OPEN The Korean journal of internal medicine | 5 Jan 2017
EJ Kim, KH Kang and JH Ju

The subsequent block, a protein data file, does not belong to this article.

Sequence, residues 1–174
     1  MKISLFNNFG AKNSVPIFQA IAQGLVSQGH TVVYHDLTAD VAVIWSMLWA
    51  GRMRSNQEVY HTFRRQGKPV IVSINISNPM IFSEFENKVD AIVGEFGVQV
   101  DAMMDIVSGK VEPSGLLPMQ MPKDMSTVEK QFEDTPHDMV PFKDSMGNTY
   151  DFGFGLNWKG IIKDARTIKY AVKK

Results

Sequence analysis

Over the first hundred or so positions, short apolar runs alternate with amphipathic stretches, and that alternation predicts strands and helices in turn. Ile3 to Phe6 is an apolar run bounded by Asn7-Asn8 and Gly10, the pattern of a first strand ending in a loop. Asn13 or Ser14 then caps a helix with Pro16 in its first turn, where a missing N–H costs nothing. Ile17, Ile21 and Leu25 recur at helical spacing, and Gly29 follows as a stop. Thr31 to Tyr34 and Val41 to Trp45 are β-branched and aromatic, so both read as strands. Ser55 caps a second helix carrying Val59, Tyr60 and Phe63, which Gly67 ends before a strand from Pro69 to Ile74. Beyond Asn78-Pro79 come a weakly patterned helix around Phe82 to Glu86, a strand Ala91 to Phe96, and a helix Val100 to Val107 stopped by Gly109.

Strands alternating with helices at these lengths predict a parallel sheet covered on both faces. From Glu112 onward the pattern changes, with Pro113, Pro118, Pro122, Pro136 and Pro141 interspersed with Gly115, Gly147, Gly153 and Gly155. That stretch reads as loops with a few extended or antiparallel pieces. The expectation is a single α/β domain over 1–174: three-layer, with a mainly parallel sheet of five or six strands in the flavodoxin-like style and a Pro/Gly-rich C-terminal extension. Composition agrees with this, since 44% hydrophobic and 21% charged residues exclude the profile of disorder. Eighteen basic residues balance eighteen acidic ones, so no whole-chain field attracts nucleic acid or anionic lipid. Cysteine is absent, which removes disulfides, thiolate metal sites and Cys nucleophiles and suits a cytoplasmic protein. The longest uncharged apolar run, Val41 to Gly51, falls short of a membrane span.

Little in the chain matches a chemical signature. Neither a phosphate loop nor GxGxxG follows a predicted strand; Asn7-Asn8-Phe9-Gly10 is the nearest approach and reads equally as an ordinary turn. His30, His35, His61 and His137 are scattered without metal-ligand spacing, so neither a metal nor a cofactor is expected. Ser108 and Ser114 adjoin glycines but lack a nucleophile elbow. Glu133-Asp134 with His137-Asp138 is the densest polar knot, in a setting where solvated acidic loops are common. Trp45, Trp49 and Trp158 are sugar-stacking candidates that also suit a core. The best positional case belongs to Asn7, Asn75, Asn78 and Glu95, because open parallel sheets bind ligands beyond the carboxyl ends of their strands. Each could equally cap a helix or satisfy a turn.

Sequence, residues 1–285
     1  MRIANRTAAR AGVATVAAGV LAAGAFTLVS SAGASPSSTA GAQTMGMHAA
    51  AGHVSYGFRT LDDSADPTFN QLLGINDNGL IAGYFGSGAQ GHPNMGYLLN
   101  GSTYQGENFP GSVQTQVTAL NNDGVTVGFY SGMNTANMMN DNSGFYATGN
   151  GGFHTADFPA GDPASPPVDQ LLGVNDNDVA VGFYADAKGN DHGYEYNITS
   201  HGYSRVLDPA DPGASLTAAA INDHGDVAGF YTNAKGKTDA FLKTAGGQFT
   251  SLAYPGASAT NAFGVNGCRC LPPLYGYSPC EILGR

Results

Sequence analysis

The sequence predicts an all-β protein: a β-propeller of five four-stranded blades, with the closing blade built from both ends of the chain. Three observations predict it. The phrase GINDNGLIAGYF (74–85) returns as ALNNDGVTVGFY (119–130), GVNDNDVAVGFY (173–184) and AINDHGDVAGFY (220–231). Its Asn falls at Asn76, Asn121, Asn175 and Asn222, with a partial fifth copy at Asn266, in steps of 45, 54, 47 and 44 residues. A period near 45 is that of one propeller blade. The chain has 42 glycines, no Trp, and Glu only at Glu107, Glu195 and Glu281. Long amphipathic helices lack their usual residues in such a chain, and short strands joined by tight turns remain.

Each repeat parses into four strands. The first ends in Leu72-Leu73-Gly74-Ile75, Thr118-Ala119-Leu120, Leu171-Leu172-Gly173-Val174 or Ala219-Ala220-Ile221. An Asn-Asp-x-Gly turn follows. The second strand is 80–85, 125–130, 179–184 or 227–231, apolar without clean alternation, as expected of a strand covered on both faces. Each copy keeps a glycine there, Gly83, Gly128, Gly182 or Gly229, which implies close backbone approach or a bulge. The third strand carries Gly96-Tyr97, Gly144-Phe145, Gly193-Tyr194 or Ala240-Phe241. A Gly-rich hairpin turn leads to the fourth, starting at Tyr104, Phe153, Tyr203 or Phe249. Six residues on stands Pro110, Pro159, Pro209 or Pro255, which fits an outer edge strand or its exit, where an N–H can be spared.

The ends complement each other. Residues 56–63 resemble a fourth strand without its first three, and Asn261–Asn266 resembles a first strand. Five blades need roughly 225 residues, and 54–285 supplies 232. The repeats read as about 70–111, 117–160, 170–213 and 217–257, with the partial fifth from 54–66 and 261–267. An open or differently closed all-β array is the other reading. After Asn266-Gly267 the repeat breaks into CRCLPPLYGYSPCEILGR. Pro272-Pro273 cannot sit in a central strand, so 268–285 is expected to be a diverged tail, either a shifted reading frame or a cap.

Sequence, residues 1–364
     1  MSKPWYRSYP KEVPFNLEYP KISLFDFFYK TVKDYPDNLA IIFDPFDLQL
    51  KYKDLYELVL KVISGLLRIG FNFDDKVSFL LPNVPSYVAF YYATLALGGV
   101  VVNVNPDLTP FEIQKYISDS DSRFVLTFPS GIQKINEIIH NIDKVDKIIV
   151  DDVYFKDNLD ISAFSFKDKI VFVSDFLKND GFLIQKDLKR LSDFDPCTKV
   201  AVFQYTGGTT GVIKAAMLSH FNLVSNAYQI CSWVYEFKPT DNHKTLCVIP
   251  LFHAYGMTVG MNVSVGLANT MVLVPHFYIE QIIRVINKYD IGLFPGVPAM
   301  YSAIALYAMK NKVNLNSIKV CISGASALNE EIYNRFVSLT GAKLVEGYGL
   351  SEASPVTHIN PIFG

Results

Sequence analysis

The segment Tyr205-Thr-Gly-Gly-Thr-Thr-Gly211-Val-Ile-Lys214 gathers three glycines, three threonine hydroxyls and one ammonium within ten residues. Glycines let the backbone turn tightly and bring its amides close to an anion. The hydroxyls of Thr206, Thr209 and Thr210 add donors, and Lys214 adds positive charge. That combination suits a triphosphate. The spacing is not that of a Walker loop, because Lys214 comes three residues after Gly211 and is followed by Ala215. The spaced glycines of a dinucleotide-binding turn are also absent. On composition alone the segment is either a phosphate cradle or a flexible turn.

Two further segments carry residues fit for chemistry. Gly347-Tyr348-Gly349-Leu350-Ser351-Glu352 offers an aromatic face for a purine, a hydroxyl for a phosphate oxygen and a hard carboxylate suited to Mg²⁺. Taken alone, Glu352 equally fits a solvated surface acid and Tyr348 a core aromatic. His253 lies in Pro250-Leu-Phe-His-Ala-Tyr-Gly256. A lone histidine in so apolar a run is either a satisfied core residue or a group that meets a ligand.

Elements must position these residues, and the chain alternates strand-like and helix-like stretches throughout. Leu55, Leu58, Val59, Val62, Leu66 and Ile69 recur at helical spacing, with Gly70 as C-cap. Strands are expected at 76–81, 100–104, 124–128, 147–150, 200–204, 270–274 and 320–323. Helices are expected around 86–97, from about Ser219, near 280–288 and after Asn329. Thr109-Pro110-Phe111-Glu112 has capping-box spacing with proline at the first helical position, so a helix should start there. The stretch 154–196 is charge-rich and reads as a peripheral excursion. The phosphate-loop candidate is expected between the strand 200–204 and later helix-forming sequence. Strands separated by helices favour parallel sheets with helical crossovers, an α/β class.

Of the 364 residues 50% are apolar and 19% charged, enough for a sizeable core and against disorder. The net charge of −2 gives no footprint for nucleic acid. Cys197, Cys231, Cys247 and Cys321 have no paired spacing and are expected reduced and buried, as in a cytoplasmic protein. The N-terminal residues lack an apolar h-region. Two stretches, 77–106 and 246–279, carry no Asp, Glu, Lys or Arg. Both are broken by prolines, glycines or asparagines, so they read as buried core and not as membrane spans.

Recent advances in genome editing with programmable nucleases have opened up new avenues for multiple applications, from basic research to clinical therapy. The ease of use of the technology-and particularly clustered regularly interspaced short palindromic repeats (CRISPR)-will allow us to improve our understanding of genomic variation in disease processes via cellular and animal models. Here, we highlight the progress made in correcting gene mutations in monogenic hereditary disorders and discuss various CRISPR-associated applications, such as cancer research, synthetic biology, and gene therapy using induced pluripotent stem cells. The challenges, ethical issues, and future prospects of CRISPR-based systems for human research are also discussed.
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